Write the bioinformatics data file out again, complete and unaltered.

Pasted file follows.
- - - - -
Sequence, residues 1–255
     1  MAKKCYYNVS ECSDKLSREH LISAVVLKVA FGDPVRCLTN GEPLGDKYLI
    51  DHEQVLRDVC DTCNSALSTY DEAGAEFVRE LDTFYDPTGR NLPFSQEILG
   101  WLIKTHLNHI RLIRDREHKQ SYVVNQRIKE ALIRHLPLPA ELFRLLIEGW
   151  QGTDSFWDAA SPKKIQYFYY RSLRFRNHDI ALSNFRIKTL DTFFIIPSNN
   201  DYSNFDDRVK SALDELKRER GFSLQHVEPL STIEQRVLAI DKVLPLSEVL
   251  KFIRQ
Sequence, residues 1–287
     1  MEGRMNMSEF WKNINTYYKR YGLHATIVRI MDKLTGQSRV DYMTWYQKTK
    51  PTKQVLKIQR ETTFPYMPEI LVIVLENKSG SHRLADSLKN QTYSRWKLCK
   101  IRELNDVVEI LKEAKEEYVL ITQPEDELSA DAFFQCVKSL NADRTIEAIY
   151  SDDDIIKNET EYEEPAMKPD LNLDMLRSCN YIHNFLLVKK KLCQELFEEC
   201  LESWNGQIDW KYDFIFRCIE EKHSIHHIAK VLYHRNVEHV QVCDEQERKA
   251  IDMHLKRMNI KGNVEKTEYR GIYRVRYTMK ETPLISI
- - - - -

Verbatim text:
Sequence, residues 1–255
     1  MAKKCYYNVS ECSDKLSREH LISAVVLKVA FGDPVRCLTN GEPLGDKYLI
    51  DHEQVLRDVC DTCNSALSTY DEAGAEFVRE LDTFYDPTGR NLPFSQEILG
   101  WLIKTHLNHI RLIRDREHKQ SYVVNQRIKE ALIRHLPLPA ELFRLLIEGW
   151  QGTDSFWDAA SPKKIQYFYY RSLRFRNHDI ALSNFRIKTL DTFFIIPSNN
   201  DYSNFDDRVK SALDELKRER GFSLQHVEPL STIEQRVLAI DKVLPLSEVL
   251  KFIRQ
Sequence, residues 1–287
     1  MEGRMNMSEF WKNINTYYKR YGLHATIVRI MDKLTGQSRV DYMTWYQKTK
    51  PTKQVLKIQR ETTFPYMPEI LVIVLENKSG SHRLADSLKN QTYSRWKLCK
   101  IRELNDVVEI LKEAKEEYVL ITQPEDELSA DAFFQCVKSL NADRTIEAIY
   151  SDDDIIKNET EYEEPAMKPD LNLDMLRSCN YIHNFLLVKK KLCQELFEEC
   201  LESWNGQIDW KYDFIFRCIE EKHSIHHIAK VLYHRNVEHV QVCDEQERKA
   251  IDMHLKRMNI KGNVEKTEYR GIYRVRYTMK ETPLISI